By contrast, challenging work has a way of fostering greater connection, laughter, and zeal for living. When people have worked hard for something, they tend to care more and to be more bothered by those who would cheat the system. After reading an article I wrote for Quillette on lowered education standards, my father, the MD, PhD and late-blooming video-gamer, shared a fascinating insight. He identified a specific excerpt from near the end of my article, where I write:
"I have a radical idea. Assign grades based exclusively on academic performance—the quality of the writing, the accuracy of the math equation, the understanding of the historical themes. Grade everything for mastery, alone, and consider it a breach of ethics to do otherwise. Most students would work far harder, learn far more, and come to enjoy it. They’d invest enough to cultivate more rewarding interests and become better citizens. Some would not rise to the occasion and would be left behind. But that is already happening."
“It occurred to me… that your idea is precisely the approach that is applied by video game developers when they design games and award achievement trophies. On the video game websites (e.g., Reddit), players complain vehemently when other players find and utilize ways to "cheese" a game and "beat" the game without actually mastering the skills (for difficult games like Dark Souls, these "skills" are infinitely more difficult to acquire than the skills we currently teach in schools). One of the things I've seen over and over again in the Dark Souls online conversation is some new player complaining that the game is "too hard" and asking for an easy way to get through a difficult task. The answer is always resoundingly the same, so much so that it's become cliche: "Get good."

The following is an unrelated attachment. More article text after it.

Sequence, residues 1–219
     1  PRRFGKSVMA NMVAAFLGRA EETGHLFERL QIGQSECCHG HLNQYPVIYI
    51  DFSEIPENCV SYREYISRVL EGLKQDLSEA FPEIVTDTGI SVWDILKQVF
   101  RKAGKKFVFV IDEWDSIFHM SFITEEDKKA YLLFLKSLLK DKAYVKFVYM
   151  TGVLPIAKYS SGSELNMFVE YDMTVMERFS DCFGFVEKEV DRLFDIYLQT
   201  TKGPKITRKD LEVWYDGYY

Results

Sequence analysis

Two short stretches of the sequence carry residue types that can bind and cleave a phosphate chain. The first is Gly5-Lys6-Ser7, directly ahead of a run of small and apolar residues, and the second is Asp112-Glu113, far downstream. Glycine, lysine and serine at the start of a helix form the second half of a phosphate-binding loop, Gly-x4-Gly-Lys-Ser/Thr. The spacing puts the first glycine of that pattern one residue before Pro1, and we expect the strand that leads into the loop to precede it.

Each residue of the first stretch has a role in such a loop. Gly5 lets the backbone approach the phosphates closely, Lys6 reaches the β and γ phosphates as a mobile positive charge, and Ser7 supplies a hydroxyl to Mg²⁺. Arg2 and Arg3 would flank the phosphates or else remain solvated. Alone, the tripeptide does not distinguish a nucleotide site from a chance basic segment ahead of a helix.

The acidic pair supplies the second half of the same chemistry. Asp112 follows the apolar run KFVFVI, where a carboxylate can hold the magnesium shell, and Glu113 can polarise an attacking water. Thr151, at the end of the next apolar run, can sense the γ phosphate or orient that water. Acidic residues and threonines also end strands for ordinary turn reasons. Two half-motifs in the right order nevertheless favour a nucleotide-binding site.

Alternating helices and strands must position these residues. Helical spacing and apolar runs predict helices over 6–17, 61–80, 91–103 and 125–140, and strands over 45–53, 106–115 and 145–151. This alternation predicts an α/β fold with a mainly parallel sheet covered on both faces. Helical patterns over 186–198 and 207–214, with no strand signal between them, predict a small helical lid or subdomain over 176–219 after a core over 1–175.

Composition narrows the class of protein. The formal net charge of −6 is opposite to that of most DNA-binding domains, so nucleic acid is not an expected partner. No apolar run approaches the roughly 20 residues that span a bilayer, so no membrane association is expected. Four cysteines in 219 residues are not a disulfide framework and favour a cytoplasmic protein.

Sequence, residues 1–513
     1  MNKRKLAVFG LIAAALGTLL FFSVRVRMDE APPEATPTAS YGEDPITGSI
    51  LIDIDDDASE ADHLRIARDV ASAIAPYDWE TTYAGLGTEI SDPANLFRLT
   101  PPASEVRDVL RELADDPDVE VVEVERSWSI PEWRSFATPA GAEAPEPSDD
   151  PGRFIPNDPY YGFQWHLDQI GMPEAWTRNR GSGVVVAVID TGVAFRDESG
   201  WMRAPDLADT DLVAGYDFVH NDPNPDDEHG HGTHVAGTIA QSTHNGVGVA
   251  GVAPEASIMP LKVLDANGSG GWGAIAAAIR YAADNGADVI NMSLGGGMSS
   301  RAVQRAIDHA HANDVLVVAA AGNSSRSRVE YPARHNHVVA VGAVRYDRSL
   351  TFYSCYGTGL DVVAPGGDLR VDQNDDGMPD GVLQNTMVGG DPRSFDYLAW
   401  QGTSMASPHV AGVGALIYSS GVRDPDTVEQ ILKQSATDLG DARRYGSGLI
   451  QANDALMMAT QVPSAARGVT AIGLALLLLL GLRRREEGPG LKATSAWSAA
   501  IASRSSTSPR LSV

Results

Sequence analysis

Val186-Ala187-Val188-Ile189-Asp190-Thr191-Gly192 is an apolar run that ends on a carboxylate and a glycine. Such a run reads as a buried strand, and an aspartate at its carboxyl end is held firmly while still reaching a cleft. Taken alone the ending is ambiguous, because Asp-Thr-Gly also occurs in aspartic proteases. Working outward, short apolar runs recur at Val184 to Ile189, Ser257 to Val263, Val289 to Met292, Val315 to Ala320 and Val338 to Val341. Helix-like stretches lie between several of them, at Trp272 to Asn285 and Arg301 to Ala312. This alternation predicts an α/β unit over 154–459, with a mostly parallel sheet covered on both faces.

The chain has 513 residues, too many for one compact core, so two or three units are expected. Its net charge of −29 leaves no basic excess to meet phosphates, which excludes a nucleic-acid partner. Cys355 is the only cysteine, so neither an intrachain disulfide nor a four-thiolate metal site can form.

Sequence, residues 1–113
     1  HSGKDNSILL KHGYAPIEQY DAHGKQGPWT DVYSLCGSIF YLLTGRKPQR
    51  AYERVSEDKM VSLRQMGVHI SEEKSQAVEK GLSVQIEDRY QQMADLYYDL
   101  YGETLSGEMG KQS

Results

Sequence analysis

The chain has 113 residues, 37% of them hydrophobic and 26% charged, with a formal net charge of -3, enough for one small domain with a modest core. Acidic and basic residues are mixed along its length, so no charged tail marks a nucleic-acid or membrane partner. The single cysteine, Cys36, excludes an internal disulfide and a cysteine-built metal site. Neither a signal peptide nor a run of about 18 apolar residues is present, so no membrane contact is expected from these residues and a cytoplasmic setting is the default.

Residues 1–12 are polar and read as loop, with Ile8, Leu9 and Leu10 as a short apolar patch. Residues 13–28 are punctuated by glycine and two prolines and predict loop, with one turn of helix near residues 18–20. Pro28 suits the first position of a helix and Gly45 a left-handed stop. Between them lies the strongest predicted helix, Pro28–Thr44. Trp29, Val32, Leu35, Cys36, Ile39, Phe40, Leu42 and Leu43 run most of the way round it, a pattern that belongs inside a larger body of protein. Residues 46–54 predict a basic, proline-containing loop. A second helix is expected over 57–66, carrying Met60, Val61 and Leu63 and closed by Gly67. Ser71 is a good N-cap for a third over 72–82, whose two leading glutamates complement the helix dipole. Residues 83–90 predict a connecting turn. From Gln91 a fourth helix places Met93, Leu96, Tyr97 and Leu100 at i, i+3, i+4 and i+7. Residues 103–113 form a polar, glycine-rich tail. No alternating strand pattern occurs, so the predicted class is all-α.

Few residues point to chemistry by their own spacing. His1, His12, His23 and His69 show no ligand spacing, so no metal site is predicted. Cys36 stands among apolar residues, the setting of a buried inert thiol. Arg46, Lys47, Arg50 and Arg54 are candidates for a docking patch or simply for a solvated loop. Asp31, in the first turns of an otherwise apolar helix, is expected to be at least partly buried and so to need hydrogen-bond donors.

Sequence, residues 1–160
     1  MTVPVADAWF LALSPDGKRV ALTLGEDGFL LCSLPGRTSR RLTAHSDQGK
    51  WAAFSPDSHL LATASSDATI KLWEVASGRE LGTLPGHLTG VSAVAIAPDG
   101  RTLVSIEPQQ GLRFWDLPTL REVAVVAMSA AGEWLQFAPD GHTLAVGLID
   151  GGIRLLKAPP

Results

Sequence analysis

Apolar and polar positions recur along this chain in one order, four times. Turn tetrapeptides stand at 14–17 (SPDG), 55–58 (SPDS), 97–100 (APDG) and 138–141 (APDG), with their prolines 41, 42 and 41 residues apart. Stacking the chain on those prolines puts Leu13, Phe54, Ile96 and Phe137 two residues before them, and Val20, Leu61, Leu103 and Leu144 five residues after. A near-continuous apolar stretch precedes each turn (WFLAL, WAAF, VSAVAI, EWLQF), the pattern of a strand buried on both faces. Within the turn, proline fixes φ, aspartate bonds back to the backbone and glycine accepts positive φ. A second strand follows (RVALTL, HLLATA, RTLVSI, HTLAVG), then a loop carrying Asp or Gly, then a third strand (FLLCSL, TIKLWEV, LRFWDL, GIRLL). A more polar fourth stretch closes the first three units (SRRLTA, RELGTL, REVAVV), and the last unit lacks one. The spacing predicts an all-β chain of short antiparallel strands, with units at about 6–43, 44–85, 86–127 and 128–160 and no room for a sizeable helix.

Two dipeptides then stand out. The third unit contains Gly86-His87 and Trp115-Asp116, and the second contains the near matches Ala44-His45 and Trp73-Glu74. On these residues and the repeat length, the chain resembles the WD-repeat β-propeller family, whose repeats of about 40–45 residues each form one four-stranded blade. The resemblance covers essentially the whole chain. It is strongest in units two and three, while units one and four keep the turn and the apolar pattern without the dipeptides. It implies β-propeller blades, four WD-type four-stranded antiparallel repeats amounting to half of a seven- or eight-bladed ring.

If video games, subject to relentless pressures from consumers, can employ such demanding standards (and in many cases, MUST employ them in order to maintain market share), then perhaps schools could meet them part way and demand at least a modicum of excellence.”
There is a sense today that standards are rigid and outdated. To some degree, this is warranted. Too many of the people who cling to standards push them in the wrong way (standardization) and do so out of a crotchety mix of self-promotion, disdain, and an unwillingness to adapt. These are the teachers who would rather make a kid feel like crap for being born into this generation than help them transcend its traps. Still, this does not disqualify the importance of standards. Nothing has been worse for our culture than the dissolution of our shared standards. Nothing would do more for our kids and our communities than to clarify cultural ideals, set expectations, and enforce standards of excellence.